Gaudreau: In Canada, bondholders have limited exposure to the European crisis, however, all risky assets will be affected by what’s happening. We’ve seen it before and we can expect that uncertainty to put pressure on spreads in Canada. It will however create buying opportunities for good credit. If that continues, we’ll take that opportunity to load up on those and get very good risk-adjusted returns going forward.
What do you attribute HAB’s success to?
Your ETF was able to beat the leading corporate bond passively managed index ETF on a year performance basis. What do you attribute this success to?
Gaudreau: To start, being passive implies that you’re able to replicate an index, and in the corporate bond space its very difficult to buy those bonds that are part of the index. Therefore, passive investors need to take deviation to try to match the index. From our standpoint, we’re not there to replicate an index; we’re there to take the best risk adjusted positions out there so we spend a lot of time looking at the risk reward. From a risk standpoint we don’t rely on ratings agencies; we meet management, and do our own internal credit research. From the reward standpoint, we look at where are bonds, what’s the spread to take on that risk, compared to where credit default swaps are trading on the name; what’s the equity market thinking about that credit, and then after that, we make our final decision. So I would attribut the value added over the years to good securities selection based on our own internal research.
Tags: Active Management, Bondholders, Canadian, Canadian Market, Corporate Bond, Corporate Bonds, Debt Ceiling, Debt Market, Economic Climate, Fixed Income, Gaudreau, Government Bonds, Government Debt, Investment Management, Market Risk, Outlook, Performance Basis, Risk Adjusted Returns, Risk Appetite, Risky Assets, Senior Vice President, Treasuries, Tsx
Posted in Canadian Market, ETFs, Markets, Outlook | Comments Off
Monday, August 8th, 2011
Bill Gross shares his thoughts on the U.S. debt downgrade, and the ECB’s plans to support Spanish and Italian bonds, in this in depth interview with Bloomberg’s Tom Keene.
Aug. 7 (Bloomberg) — Bill Gross, co-chief investment officer of Pacific Investment Management Co., talks with Bloomberg’s Tom Keene about Standard & Poor’s downgrade of its U.S. credit rating, and the outlook for the U.S. dollar and inflation. Gross said the dollar remains vulnerable in an economic slowdown after the country’s long-term debt rating was lowered by S&P.
Bill Gross, manager of the world’s biggest bond mutual fund, said Standard & Poor’s showed “spine” by cutting the U.S. debt rating, contradicting Warren Buffett and Legg Mason Inc.’s Bill Miller, who said the rating company erred.
“I think S&P has demonstrated some spine; they finally got it right,” Gross, who has been critical of Treasuries for months, said in a Bloomberg Television interview with Tom Keene yesterday. The U.S. has “enormous problems,” he said, referring to the country’s mounting debt.
Tags: Bill Gross, Bill Miller, Bloomberg Television, Chief Investment Officer, Depth Interview, ECB, Economic Slowdown, Enormous Problems, Gross Co, Investment Management, Legg Mason, Legg Mason Inc, Mutual Fund, Outlook, Pacific Investment Management Co, Spine, Television Interview, Term Debt, Tom Keene, Treasuries, Warren Buffett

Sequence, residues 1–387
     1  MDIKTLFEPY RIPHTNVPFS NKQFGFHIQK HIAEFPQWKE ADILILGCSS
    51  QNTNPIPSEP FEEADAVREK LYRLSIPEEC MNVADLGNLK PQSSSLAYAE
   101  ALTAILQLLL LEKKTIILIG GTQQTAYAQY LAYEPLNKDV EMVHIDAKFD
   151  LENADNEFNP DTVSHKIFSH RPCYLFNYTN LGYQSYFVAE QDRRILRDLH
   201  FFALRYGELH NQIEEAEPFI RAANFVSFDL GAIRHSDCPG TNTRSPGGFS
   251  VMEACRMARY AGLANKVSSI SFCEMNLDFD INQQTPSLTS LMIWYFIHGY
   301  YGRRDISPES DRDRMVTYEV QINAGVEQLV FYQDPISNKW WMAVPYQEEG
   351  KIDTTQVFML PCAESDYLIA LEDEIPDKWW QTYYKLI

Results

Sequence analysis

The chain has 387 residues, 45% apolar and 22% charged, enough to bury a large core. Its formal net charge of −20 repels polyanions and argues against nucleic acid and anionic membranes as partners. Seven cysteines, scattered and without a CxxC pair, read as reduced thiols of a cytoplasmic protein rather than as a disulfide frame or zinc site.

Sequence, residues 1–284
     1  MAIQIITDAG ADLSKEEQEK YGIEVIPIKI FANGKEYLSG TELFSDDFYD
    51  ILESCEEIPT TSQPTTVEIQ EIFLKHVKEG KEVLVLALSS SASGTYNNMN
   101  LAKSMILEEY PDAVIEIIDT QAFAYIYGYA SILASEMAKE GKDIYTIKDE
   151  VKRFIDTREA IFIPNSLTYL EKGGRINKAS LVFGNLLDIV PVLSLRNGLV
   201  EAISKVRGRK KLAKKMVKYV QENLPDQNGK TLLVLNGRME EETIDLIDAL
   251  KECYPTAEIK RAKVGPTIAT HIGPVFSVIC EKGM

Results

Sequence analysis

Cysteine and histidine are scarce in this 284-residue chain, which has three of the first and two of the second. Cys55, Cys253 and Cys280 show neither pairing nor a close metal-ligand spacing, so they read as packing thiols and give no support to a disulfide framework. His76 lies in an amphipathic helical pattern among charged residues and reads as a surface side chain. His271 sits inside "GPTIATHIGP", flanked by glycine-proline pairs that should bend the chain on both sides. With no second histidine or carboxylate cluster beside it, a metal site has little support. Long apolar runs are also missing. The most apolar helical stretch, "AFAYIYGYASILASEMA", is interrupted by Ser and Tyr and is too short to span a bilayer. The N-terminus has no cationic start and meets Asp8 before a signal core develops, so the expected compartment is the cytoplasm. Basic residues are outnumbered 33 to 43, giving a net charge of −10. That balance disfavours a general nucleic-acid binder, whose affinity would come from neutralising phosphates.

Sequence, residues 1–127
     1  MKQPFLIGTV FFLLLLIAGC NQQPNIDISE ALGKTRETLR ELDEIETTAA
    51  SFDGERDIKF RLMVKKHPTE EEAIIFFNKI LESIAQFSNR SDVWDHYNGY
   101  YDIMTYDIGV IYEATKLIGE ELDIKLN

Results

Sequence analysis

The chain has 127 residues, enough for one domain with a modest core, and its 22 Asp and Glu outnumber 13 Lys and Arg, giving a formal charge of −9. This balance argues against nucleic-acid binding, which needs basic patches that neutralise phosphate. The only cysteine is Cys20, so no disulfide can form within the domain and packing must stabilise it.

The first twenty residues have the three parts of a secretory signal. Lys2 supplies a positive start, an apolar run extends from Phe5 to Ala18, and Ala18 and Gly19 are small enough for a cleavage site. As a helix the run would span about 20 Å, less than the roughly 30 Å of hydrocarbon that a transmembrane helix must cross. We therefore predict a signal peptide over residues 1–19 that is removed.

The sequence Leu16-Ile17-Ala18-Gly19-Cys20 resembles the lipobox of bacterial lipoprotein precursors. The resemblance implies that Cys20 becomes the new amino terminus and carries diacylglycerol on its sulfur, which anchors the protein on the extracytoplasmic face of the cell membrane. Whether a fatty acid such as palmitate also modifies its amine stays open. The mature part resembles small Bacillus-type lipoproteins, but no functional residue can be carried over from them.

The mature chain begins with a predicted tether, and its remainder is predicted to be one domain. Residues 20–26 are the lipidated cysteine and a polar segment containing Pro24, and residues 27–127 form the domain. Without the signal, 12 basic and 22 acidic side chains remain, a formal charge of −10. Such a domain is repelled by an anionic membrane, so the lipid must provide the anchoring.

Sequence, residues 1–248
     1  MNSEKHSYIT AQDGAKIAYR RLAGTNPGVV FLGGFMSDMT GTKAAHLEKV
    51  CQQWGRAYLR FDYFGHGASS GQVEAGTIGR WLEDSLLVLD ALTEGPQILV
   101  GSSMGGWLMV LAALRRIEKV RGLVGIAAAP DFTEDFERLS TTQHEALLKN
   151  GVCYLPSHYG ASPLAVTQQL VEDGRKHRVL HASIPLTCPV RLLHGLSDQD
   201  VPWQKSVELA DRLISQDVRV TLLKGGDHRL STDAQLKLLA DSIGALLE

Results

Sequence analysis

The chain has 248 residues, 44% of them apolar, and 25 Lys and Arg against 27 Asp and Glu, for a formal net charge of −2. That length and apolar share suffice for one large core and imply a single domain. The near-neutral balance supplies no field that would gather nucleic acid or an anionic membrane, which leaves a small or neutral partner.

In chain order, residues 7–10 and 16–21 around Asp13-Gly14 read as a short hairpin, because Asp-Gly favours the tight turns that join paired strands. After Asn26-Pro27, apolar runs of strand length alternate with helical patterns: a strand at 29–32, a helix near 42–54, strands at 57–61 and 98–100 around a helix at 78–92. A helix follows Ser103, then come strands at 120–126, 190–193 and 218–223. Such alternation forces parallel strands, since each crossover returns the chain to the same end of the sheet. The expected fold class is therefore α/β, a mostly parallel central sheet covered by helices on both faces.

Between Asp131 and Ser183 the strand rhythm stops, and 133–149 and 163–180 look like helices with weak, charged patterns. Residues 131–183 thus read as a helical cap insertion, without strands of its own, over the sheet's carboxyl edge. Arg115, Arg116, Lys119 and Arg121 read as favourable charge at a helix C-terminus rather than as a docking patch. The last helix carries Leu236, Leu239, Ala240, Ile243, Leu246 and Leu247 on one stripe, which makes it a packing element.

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Tuesday, June 21st, 2011
by Leo Kolivakis, Pension Pulse
Mebane Faber of Cambria Investment Management sent me an excellent paper he authored, What if 8% is Really 0%? Pension Funds Investing with Fingers-Crossed and Eyes Closed:
It is well known that pension funds in the United States are underfunded even if they achieve their projected 8% rate of return. The scope of pension underfunding increases to an astonishing level when more probable future rates are employed. A reduction in the future rate of return from 8% to the more reasonable risk-free rate of approximately 4% causes the liabilities to explode by trillions of dollars. As bond yields declined over the past twenty years, pension funds moved toward more aggressive equity-based portfolios in an attempt to reach for this 8% return.
By investing in a portfolio with uncertain outcomes, pension funds could experience increasingly volatile and even negative returns. Paradoxically, in an effort to chase the universal 8% rate, pension funds may be laying the groundwork for returns even lower than the risk free rate.
In an effort to offer an empirical basis for this possibility, we conclude the paper with a relevant comparison – the return of a hypothetical Japanese pension for the past two decades. We believe that pension funds need to at least prepare for the unfathomable: 0% returns for 20 years. Most pension funds, regrettably, have not adequately stress tested their portfolios for these scenarios.
So how does a pension manager get 8% in the current environment? Mr. Faber writes:
With government bonds yielding about 4% plan sponsors must invest in other outperforming assets to bring the cumulative return to 8%. The problem with allocating assets away from the risk-free rate is that they are, by definition, risky and uncertain. If a pension manager is employing the benchmark 60% stock/40% bond allocation, the 60% in equity or diversifying assets must return approximately 11% to achieve 8% total returns.